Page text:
November 24: A syllabus where a chapter on Habba Khatoon, a famous Kashmiri poet, jostles for space along with chapters on papier-mâché, hanguls (deer), apples and Kashmiri rugs?
Well, these subjects are what primary school students in Kashmir, are going to be reading in their textbooks – and it is not without reason. The violence in Kashmir seems to be never-ending. Alarmed at the violence and bloodshed that children in the state are exposed to, the Jammu and Kashmir Government now wants them to absorb themes of love, harmony and ecology, says a report in the ‘Indian Express’.
So it instructed the Jammu and Kashmir State Board of School Education (J&KSBSE), to introduce a very innovative syllabus that lays greater stress on the integration of Kashmiris.
That was a few years ago. The government’s instruction put the J&KSBSE in a dilemma of sorts: How to spread the message of love without appearing preachy and thus alienating children from the text books. Moreover the quality of English in the State, which was selected as the language of instruction, was poor. But it was equally important for Kashmiri children to familiarise themselves with English, the language increasingly seen as a global language.
What was it to do? So the J&KSBSE approached the British Council, Britain’s premier body promoting cultural activities in other countries, for help in rewriting the school curriculum.
The British Council conducted several workshops across the State in Jammu, Srinagar and Leh. To prepare the syllabus, consultants worked with 150 master trainers for the middle level and 250 for the primary level. And they didn’t just sit and consult each other while preparing the syllabus, either.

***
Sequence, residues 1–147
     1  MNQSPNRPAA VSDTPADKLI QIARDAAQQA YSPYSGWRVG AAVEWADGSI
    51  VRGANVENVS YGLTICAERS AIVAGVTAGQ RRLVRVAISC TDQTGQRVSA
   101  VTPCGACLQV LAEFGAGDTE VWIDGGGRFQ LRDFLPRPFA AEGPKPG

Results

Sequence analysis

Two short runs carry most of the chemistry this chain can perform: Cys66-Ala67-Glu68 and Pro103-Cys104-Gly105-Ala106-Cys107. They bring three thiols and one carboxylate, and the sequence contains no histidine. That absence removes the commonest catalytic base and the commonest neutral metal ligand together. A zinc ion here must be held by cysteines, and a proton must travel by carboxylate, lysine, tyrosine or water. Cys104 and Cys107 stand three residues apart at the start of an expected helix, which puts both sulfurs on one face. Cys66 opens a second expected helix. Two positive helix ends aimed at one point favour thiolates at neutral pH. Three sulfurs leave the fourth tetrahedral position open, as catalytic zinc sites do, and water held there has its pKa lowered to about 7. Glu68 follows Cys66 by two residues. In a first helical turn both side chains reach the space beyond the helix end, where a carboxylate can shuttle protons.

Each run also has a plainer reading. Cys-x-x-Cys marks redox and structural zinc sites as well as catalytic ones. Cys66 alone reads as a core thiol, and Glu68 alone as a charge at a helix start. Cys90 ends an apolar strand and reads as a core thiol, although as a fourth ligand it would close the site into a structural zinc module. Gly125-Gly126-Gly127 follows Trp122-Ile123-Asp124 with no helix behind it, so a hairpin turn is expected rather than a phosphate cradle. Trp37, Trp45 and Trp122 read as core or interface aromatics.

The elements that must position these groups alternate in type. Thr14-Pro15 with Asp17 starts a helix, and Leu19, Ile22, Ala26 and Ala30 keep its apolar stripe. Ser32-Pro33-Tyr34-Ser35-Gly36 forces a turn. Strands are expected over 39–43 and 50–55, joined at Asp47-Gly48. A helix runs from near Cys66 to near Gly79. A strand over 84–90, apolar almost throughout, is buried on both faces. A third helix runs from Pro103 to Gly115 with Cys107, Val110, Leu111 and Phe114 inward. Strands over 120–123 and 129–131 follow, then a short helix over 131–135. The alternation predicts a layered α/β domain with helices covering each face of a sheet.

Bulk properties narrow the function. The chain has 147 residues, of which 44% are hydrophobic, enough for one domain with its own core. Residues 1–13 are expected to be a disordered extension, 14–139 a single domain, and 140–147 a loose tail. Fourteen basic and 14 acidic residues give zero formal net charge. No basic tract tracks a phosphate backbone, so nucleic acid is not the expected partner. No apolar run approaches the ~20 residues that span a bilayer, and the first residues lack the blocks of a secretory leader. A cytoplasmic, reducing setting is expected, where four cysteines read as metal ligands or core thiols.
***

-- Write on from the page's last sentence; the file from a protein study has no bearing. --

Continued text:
The authors were taken around the State so they could closely observe the cultural identity of each region, and keep that in mind while writing the syllabus. After all, the best way to instil a sense of pride in one’s culture and people is by highlighting the immediate issues that matter.
“If we openly spoke of issues like insurgency (revolt against the established government) and said this is bad or that is good, these books would not reach the market,” said Bashir Ahmad Dar, deputy director of the J&KSBSE and head of the programme.
The authors took a different approach instead. They used themes of love and harmony to drive home the point to the children of the violence-soaked state. So a lesson called They All Came First , which is the story of a physically challenged person, stresses the need of people to help one another no matter who it is. The textbooks also draw on inputs from Kashmiri educationists.
Even as the textbooks get printed, another project with the United Nations Educational Scientific Cultural Organisation (UNESCO), a world body promoting international cooperation in the fields of education, science and culture, is also under way. This project aims to teach the teachers to tackle war issues bothering their young charges, more sensitively.